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Posts Tagged ‘cinematography’

  1. Beautiful Black and White Piece

    February 10, 2014 by

    Jasin Phares from Meditation 4 Madmen on Vimeo.

    This video strikes me as a very powerful profile piece. I think the use of black and white was very intentional in keeping the feeling of the video “vintage” to match the content of the video, making a vintage drag racing bike. Overall, the use of detail in this short video is also done really well. I wouldnt typically think to shoot detail shots of a man’s beard but they work really well here (1:44) and they help to add a humanizing anchor to all of the detail shots of the bike.

    Something that I think is really powerful in videos, and that Meditation 4 Madmen does really well, is to bring the viewer into the experience. At 1:02, the video runs really quickly through almost indecipherable images and stops on the shot of the man riding the bike. The jumpy music also helps to add the effect here. What I thought worked about it is the choice of quote, sound effects and editing techniques to let the viewer feel like he is experiencing the ride with the biker, and not from a computer screen. What do you think? Does it work for you?


  2. NY Times Op-Doc | Rural Poverty in America’s Heartland

    February 4, 2014 by

    I included the description in the title of this post because I think it’s really beautifully said. Although it’s called Sarah’s Uncertain Path, the description is; “Profiling a pregnant teenager in Missouri, this short documentary provides a window into rural poverty in America’s heartland.” Short, sweet, enticing, heartbreaking, and to the point in one sentence. A great example of how to entice people to view your work in only a few words – something we are all working on.

    This piece in particular has been getting a lot of social media conversation, so I wanted to see what the buzz was all about. Also, I use the word heartbreaking because I definitely cried during this piece. It’s so beautifully composed, with intimate close-up shots of the families and beautiful lighting streaming through the panels of the old barn and the rural landscapes, not to mention the lovely use of sunset light at the end. What struck me most of all was the unspoken message of hope despite all odds. These sweet children with few possessions were making the most of their situation by playing the broken down piano, twirling each other around on a makeshift swing, lost in childhood and blissfully unaware of how set back they’ll be by so many of their peers living in bigger homes, with more money, and therefore more opportunities.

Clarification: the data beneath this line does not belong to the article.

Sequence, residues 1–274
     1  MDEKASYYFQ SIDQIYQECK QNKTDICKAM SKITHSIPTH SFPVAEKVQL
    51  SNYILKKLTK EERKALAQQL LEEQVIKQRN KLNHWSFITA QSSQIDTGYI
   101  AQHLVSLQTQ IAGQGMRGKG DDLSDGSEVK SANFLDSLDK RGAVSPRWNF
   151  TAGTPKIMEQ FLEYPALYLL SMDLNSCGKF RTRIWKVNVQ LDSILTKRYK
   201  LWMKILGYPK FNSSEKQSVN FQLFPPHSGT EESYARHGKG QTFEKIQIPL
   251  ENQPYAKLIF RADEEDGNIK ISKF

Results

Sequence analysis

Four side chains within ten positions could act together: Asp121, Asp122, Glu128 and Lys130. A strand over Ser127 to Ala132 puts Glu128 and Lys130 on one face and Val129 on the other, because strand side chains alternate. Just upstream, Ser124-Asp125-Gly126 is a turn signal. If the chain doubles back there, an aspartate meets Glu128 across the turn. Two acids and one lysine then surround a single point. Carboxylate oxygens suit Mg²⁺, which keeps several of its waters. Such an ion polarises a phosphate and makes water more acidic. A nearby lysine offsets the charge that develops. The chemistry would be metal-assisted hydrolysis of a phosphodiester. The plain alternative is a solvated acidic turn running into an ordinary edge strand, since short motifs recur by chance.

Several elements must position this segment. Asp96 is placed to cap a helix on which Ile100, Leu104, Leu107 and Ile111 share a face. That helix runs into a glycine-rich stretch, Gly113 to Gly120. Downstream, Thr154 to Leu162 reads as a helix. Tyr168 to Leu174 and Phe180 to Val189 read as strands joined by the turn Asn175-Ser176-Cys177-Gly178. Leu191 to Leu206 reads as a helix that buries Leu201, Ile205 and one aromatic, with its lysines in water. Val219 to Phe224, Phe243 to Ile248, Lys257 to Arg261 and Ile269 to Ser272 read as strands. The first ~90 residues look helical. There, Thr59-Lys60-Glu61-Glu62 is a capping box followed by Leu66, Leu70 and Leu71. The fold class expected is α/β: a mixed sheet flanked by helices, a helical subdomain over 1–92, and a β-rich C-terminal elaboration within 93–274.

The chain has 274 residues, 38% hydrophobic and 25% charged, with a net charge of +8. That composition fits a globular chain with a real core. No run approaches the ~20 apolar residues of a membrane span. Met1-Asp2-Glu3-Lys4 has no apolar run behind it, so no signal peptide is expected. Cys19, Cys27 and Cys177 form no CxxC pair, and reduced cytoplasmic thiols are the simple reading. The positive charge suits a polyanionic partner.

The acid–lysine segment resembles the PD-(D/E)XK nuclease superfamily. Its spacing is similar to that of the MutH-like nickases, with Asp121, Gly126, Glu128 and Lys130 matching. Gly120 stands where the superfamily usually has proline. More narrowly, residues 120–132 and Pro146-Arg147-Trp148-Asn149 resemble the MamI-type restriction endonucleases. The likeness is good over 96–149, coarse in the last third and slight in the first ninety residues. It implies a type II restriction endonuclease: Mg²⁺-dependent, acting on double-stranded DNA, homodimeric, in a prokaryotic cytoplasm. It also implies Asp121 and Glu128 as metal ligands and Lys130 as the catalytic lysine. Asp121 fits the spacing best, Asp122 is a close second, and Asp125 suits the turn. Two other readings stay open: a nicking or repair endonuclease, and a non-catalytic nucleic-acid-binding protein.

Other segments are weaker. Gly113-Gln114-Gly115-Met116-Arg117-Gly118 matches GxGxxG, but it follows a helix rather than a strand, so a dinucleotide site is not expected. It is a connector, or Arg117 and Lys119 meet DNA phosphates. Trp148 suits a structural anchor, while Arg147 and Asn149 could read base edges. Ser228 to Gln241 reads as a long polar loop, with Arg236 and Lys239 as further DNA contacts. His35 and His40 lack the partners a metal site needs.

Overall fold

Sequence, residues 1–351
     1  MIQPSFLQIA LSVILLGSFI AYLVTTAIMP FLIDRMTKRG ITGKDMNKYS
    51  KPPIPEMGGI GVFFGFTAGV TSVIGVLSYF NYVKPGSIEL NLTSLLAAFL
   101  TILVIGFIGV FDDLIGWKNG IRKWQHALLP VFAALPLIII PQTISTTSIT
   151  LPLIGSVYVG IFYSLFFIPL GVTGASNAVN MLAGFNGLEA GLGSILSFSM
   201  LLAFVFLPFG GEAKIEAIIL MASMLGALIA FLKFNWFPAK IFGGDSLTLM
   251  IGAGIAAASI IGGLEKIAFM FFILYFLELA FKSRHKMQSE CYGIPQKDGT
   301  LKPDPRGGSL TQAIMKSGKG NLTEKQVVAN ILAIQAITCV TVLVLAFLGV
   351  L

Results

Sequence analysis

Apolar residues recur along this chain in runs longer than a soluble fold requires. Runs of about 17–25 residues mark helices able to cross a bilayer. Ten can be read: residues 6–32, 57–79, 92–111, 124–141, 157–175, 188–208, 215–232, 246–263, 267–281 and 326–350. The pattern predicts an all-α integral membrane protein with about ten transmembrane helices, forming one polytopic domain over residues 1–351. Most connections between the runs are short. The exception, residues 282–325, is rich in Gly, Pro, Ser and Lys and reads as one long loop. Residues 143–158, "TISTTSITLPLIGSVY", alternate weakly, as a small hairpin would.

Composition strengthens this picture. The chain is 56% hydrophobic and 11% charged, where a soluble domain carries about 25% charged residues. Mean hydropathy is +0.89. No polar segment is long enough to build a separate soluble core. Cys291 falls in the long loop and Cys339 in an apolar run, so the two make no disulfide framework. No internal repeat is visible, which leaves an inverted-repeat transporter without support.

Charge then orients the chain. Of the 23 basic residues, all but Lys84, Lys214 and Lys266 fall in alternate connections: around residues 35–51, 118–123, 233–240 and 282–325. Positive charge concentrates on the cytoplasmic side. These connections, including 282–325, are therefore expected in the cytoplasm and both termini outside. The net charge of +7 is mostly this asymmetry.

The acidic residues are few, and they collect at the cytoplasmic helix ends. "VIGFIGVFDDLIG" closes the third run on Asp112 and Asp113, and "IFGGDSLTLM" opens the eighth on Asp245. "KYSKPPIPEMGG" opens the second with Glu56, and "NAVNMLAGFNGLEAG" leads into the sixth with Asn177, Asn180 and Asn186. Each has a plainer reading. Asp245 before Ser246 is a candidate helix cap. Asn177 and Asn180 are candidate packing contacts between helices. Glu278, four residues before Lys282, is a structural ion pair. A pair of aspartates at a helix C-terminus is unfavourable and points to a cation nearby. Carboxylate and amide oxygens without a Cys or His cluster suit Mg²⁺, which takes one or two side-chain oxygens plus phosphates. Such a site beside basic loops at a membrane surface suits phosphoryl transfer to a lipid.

The documentary really peeks after we’ve met this family, been shown around and let in to the little corners of their lives, and we hear Sarah talking about her dreams for the future. Simple dreams, to have her own house and car, maybe go to college, maybe have a pool. Why is that so hard for someone like Sarah, or any of us, to achieve? As the character of this piece, Sarah paints an emotionally powerful picture of the “American Dream” that is slipping further from reality for all of us, as a pregnant 15-year-old in a broken down house in Missouri, still filled with endearing hope that her dream is just out of reach.

  3. Great Cinematography achieved in a day.

    January 22, 2014 by

    The Glint from Mathieumaury on Vimeo.

    There is something about this piece that struck a chord with me. Maybe because of the fact that the filmmaker shot this in one day (which doesn’t look impossible). But it goes to show that if you truly think out your shots and capture all of the details, then all you need is one shoot and you nailed it. Like this. Although I am aware that this is an advertisement, it is also a much deeper piece entirely. For those of you really looking to focus on lighting for this term, I think that this video does an impressive job of using  a low-light situation to their advantage. The lighting in the garage is very purposeful, so it doesn’t feel fake or forced, yet it adds a dramatic effect to all of the close ups. It also allows for the camera to pick up all of the sparks flying off of the metals, which I think added to the dreamy feel of the film.

    The above the action shots in this piece were really powerful to me. I like that the filmmaker chose to create frames that were a change from the typical break down of a scene. For example, when the motorcycle comes out of the garage at 1:00, I really liked the small moment that it created where the biker hesitates before he really takes off, as if deciding which path he will take.  I was also very impressed with all of the tracking shots on the motorcycle. I think that the filmmaker definitely used picturesque roads to his advantage (the tree lined lane and the rolling clouds behind the tall grass fields).


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